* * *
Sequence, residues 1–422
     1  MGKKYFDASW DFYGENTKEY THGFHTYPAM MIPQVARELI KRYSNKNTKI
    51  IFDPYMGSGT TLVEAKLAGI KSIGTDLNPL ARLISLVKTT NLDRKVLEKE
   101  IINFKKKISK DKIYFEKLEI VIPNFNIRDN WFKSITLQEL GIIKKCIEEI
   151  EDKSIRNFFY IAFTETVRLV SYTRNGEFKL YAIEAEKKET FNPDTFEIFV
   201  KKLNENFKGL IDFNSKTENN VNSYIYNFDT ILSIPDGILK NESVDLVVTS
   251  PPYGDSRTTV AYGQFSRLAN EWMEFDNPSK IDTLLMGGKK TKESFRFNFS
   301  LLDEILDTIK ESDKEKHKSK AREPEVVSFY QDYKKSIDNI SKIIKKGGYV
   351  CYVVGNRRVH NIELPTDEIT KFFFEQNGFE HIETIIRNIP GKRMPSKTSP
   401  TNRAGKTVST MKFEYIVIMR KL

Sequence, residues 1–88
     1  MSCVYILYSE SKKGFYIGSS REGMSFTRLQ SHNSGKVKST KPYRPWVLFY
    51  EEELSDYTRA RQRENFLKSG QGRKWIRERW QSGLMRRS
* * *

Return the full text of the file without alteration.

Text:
Sequence, residues 1–422
     1  MGKKYFDASW DFYGENTKEY THGFHTYPAM MIPQVARELI KRYSNKNTKI
    51  IFDPYMGSGT TLVEAKLAGI KSIGTDLNPL ARLISLVKTT NLDRKVLEKE
   101  IINFKKKISK DKIYFEKLEI VIPNFNIRDN WFKSITLQEL GIIKKCIEEI
   151  EDKSIRNFFY IAFTETVRLV SYTRNGEFKL YAIEAEKKET FNPDTFEIFV
   201  KKLNENFKGL IDFNSKTENN VNSYIYNFDT ILSIPDGILK NESVDLVVTS
   251  PPYGDSRTTV AYGQFSRLAN EWMEFDNPSK IDTLLMGGKK TKESFRFNFS
   301  LLDEILDTIK ESDKEKHKSK AREPEVVSFY QDYKKSIDNI SKIIKKGGYV
   351  CYVVGNRRVH NIELPTDEIT KFFFEQNGFE HIETIIRNIP GKRMPSKTSP
   401  TNRAGKTVST MKFEYIVIMR KL

Sequence, residues 1–88
     1  MSCVYILYSE SKKGFYIGSS REGMSFTRLQ SHNSGKVKST KPYRPWVLFY
    51  EEELSDYTRA RQRENFLKSG QGRKWIRERW QSGLMRRS